- Avidan brings entrepreneurial mindset to DT IoT as he seeks to transform the business and meet growth ambitions.
- Major strategic initiative, IoT Hub, planned for commercial launch in early-2021.
- Hints are made at “inorganic activities” in future, but current initiatives driven by organic efforts and strategic partnerships.
Rami Avidan, CEO of Deutsche Telekom’s new Internet of Things (IoT) unit (DT IoT), has been in the business of connecting things for 20 years, long before it was called IoT. Now, he is on a mission to harness the IoT activity of DT to build something more than a predominantly connectivity-based business.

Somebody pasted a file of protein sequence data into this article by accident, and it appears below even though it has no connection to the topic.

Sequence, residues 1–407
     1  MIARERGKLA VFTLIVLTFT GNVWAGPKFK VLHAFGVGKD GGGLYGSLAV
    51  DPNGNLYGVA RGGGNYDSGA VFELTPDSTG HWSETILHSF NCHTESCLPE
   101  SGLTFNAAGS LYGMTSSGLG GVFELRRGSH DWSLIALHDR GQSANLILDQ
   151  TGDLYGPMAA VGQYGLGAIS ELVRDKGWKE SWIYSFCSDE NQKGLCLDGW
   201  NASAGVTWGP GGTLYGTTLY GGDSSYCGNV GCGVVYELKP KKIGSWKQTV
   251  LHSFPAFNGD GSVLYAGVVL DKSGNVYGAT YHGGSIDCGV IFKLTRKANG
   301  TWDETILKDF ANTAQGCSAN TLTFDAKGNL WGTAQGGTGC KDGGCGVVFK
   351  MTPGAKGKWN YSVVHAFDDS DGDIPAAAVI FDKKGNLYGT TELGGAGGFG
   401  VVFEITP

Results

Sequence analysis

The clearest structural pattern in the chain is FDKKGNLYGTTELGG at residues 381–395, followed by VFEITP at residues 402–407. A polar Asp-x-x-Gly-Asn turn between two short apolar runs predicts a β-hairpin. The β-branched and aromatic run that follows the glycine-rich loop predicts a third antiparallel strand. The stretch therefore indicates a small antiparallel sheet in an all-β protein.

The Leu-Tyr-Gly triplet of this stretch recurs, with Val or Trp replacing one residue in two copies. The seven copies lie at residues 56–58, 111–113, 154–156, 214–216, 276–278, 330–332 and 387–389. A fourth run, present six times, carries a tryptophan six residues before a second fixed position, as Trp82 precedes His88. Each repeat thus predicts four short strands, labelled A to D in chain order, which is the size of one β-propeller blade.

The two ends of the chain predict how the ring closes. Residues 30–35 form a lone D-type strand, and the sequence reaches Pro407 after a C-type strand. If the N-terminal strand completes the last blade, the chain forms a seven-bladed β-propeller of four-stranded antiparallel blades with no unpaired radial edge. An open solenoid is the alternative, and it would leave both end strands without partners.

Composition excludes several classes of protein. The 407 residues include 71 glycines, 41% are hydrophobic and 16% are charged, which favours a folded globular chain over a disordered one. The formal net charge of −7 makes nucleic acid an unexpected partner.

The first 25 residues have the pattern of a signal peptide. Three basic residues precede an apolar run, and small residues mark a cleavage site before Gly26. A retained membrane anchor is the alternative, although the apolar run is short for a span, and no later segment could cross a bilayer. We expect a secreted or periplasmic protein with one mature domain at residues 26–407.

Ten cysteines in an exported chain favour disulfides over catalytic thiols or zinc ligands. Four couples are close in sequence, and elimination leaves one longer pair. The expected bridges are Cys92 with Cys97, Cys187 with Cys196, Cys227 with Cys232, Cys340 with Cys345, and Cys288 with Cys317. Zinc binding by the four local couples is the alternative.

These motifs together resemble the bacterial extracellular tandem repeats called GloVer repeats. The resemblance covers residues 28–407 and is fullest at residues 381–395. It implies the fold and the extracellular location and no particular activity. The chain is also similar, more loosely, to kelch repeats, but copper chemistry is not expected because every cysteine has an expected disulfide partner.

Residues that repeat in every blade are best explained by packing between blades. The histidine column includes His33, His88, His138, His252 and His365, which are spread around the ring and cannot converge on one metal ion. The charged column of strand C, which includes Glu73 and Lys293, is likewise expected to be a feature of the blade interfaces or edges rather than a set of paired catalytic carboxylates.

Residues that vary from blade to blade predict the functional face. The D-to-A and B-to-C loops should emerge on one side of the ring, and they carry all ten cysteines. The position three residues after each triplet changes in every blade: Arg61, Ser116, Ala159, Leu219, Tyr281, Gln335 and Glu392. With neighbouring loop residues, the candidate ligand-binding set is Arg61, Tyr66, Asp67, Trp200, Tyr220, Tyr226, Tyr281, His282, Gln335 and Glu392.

Speaking to Deutsche Telekomwatch, Avidan shared his vision and plans for DT IoT.
Avidan joined DT in April 2019 as Senior Vice‑President for IoT and became CEO of Deutsche Telekom IoT GmbH on 1 July 2020, when the business was spun out as a separate legal entity — but remained operationally under the Group’s enterprise division T‑Systems (Deutsche Telekomwatch, #82 and #92). In October 2020, Deutsche Telekomwatch revealed that DT IoT will be moved from T‑Systems in 2021, to be managed by German NatCo Telekom Deutschland and its new CEO Srini Gopalan (Deutsche Telekomwatch, #99).
Avidan lives in Sweden, does not speak German, and avidly supports Manchester United. That makes him quite an outsider at DT, and perhaps ideally suited to revamp the IoT business to meet ambitious growth plans. He also brings an entrepreneurial spirit to the role, having launched and grown businesses during his career, and most recently built up Tele2’s IoT unit.